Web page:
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This May, a seemingly run-of-the-mill housewife from Phoenix was convicted in an astonishing landmark case of counterfeit couponing—the largest in the history of the United States. This "ordinary" housewife was sentenced to two years in state prison and fined $5 million for her leading role in a $2 million dollar coupon-fraud ring that shocked her family and government officials alike. She was making intricate copies for “free” coupons that totaled in value anywhere from $2 to $70.

Why does this matter to us law-abiding, considerate coupon users? Believe it or not, the effects of these types of crimes filter down to us honest, coupon-capable consumers. According to the Coupon Information Corporation (CIC)—a leading watchdog organization that monitors coupon fraud—the coupon business is worth $4 billion, and fraud results in $500 million of losses a year. Not surprisingly, when a business loses money, they issue fewer coupons, which inevitably translates to less savings for us at the cash register.

What is coupon fraud?

You don’t have to run a major crime operation to commit coupon fraud. Coupon Fraud is defined as "intentionally using a coupon for a product that he/she has not purchased or otherwise fails to satisfy the terms and conditions for redemption, when a retailer submits coupons for products they have not sold or that were not properly redeemed by a consumer in connection with a retail purchase, or when coupons are altered/ counterfeited."

How is fraud committed?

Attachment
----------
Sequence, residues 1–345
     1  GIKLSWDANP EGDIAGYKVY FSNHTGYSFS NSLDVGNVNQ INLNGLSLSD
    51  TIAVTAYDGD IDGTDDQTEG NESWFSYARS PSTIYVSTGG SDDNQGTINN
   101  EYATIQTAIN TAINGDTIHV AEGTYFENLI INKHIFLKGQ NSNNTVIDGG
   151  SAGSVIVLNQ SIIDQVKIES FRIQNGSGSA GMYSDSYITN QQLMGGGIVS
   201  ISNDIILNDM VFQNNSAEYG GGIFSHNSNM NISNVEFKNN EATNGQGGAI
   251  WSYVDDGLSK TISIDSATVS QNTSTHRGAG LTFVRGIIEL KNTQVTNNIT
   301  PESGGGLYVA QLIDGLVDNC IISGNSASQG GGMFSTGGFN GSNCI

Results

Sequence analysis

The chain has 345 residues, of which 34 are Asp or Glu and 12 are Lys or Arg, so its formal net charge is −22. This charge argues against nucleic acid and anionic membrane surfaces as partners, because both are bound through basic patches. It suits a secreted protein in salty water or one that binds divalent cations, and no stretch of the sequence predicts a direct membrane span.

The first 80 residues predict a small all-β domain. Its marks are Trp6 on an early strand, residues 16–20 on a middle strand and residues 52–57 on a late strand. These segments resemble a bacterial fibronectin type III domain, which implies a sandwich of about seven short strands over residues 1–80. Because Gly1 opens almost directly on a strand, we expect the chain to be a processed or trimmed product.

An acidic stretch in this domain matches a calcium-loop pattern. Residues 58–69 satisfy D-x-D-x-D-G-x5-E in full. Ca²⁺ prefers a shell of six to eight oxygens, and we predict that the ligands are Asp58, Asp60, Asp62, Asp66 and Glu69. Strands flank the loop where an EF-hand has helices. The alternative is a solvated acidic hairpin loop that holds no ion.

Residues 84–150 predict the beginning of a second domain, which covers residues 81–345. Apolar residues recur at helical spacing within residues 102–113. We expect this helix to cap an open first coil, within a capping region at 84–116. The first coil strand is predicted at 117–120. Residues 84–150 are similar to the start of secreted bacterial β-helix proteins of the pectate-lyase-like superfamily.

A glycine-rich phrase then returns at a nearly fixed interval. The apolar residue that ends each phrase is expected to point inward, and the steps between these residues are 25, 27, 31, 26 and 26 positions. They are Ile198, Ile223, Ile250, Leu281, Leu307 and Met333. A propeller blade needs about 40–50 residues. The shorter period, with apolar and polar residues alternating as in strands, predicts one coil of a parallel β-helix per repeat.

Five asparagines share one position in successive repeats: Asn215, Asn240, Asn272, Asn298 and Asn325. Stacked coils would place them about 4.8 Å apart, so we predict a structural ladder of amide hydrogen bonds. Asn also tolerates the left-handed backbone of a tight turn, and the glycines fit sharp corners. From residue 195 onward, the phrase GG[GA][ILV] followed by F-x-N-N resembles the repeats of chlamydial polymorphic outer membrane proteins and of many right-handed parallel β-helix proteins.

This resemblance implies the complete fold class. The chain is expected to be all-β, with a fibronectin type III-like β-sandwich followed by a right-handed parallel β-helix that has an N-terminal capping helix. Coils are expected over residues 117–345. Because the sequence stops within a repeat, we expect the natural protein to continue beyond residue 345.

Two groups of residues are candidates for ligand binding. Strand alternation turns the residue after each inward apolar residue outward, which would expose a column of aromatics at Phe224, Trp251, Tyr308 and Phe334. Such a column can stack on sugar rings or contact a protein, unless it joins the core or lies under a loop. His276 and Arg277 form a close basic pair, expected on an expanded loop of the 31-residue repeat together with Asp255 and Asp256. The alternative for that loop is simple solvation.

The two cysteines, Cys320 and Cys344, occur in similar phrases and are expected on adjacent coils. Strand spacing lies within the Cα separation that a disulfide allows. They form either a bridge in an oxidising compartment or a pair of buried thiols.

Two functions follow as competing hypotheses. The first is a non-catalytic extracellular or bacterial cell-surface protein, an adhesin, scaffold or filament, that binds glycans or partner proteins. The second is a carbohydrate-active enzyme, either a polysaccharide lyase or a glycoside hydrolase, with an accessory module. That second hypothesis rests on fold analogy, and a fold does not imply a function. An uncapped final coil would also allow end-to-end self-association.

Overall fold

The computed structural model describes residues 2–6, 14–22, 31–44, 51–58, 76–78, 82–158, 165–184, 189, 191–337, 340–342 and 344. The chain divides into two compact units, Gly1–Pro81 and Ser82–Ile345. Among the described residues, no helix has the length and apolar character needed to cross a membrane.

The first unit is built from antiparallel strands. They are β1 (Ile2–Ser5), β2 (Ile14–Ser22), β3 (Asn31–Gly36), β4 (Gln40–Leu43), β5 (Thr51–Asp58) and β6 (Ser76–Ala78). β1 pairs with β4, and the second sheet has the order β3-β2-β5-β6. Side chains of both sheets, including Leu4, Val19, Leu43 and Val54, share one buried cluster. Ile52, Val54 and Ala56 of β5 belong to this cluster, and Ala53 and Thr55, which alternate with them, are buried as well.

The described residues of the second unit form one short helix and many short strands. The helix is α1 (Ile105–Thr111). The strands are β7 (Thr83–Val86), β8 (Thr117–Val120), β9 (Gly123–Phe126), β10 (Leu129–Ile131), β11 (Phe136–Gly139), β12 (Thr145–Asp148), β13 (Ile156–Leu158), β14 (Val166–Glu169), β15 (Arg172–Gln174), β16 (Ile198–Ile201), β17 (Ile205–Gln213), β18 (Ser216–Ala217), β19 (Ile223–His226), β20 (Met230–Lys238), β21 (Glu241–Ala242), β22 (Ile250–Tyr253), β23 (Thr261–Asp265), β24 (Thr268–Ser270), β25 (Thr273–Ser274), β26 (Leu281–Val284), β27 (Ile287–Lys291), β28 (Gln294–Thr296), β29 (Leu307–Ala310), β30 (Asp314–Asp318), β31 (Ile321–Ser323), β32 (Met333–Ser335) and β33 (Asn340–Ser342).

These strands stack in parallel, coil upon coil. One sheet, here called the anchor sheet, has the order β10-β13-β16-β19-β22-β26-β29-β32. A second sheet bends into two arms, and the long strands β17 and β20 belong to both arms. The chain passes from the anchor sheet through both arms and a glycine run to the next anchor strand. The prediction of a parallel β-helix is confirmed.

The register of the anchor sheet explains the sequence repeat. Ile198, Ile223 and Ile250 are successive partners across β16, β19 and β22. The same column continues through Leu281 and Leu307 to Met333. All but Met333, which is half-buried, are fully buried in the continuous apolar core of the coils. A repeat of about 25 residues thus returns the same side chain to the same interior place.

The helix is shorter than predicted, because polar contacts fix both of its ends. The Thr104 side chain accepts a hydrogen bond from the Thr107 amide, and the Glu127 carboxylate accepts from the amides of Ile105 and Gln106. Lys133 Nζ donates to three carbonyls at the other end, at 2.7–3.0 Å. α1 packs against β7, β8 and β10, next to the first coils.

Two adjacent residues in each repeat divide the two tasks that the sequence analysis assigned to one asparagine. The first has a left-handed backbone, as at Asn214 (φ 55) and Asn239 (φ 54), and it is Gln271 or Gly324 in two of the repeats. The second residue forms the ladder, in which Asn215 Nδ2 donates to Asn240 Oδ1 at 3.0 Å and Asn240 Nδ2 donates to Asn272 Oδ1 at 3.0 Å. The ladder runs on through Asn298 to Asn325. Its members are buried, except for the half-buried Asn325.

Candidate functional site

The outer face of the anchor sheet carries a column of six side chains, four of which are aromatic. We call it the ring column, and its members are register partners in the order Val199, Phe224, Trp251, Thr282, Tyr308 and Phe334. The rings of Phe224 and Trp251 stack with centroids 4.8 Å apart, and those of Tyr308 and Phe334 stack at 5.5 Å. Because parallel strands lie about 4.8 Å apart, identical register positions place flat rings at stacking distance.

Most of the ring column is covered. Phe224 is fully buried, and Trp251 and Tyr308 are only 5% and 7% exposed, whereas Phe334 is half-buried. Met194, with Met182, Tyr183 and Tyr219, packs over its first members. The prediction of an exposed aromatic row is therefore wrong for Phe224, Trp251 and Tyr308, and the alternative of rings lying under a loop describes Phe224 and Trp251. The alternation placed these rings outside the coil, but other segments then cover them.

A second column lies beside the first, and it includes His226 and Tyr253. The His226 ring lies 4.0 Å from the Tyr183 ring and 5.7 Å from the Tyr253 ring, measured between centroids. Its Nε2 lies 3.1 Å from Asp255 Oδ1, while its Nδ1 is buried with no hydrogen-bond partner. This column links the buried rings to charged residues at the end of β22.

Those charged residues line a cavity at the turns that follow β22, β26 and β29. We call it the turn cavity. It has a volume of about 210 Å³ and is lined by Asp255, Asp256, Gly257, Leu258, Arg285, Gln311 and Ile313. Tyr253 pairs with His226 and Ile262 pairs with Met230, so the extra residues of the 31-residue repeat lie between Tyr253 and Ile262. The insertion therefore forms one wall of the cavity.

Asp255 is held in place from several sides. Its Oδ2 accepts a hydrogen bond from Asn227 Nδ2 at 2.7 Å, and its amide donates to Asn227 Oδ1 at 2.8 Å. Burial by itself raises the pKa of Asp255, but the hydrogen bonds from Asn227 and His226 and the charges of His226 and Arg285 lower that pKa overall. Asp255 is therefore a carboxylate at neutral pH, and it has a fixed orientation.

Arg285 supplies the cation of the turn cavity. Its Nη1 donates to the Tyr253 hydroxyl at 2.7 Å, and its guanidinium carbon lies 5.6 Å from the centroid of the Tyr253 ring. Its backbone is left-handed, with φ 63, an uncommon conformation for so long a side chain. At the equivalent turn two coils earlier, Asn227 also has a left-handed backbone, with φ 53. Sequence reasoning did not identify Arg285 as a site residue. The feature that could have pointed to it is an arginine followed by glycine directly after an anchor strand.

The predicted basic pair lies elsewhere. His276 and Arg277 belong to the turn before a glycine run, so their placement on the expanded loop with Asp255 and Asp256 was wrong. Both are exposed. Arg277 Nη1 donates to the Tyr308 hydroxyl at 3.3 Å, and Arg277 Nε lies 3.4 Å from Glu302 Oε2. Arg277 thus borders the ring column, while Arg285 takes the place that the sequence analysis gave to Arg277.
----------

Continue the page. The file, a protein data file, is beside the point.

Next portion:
It's important to note some of the ways we can unintentionally contribute to coupon fraud, therefore lining the pockets of crooks and robbing ourselves of honest-to-goodness savings. Here's the breakdown of no-no’s when it comes to coupon policy:

  • Photocopying coupons. You are allowed 2 prints per computer—print more than that, and it's considered fraud!
  • Disregarding the manufacturers' stipulations. For instance, do not try to purchase Lay’s Baked Potato Chips when it specifies only Lay’s Original Potato Chips.
  • Disregarding expiration dates. This is an obvious mistake we've all made. And when it's a mistake it does not constitute fraud because it was not your intention to mislead. But if you make it a practice of finding a checker who doesn't pay attention, you are treading in dangerous waters.

How can I avoid coupon fraud?

The good news is there are some no-brainer suggestions on how to safeguard yourself and the coupon industry:

  • If it sounds too good to be true, steer clear. This is advice dear old Mom has probably mentioned more than a few times. "Free" or highly-discounted coupons for sale or available to print on unknown sites can undoubtedly be linked to some nefarious individuals who may be looking to steal your identity. Beware especially if they are asking for extra personal information!
  • Check for the code. If you trade coupons for printed coupons, always be sure to look up the unique verify code in the upper right corner. You can go to and type in that number to verify that it is not a copy or hasn’t already been redeemed.
  • Read up. If you have further questions visit the Coupon Information Corporation's FAQ page. Being informed is always a good thing.

It's also important to be cognizant of the penalties associated with knowingly taking part in coupon scams. They include prison sentences up to 17 years and monetary fines that vary greatly (but can go all the way up to millions of dollars!).

What I have enjoyed most about being a considerate couponer is the community that comes along with it. Let's continue to stick together as responsible couponers so the savings continue and the fun never ends!

This is a guest post by Mary Jo from Denver, CO
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